As I've mentioned--I did warn you about the qualifiers-Bendis is a fine writer. It could be that he's figured out a way to make the above work without diminishing Cage or violating the character we've come to know and admire. Hey, I figured out how to do it and I'm practically a nun. But, if he's treating Cage's involvement as casual, if he's treating this intimate contact as just some sort of one-night stand for a Spandex stud, I'm going to be disappointed and quite possible royally ticked off...and will doubtless be very vocal about that in these pages.

I've one more comment on Marvel's mature line. Even allowing for the possibility that the initial titles may all be breathtaking examples of comic art at its finest, I remain skeptical that Marvel will reach new readers with what are essentially super-hero comics in mature drag. And, being skeptical, I must then question if the company really needs a mature line or, at least, if it needs this kind of mature line. Even as a dyed-in-the-world super-hero fan, I would much rather see creators exploring other themes and other genres. Marvel already has the super-hero genre more than covered; the company and the readers alike would be better served by taking our imaginations in new directions.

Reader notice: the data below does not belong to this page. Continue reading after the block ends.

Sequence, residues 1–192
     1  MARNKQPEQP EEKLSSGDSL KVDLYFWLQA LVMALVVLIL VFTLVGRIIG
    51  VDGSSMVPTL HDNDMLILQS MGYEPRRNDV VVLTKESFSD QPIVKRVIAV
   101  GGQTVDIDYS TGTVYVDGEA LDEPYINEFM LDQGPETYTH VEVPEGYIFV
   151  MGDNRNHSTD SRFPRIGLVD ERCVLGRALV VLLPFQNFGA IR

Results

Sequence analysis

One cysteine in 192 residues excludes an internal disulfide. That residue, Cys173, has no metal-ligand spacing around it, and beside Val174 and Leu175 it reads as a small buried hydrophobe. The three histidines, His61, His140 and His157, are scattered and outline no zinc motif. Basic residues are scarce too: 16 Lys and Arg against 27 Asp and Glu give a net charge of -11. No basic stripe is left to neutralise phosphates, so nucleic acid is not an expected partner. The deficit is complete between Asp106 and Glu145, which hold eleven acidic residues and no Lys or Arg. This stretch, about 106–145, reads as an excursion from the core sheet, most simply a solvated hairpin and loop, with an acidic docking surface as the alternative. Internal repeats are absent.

In a related story-first cousins, if you must know--Jemas and Editor in Chief Joe Quesada have announced that Marvel is dropping its membership in the Comics Magazine Association of America and its use of the Comics Code standards required by the organization. Marvel will adopt its own content guidelines and label their comics with the appropriate advisories. My admittedly knee-jerk reaction to this news was

"Way to go, Bill and Joe!"

Had either of them been in my office, I would have leapt from my desk and high-fived them.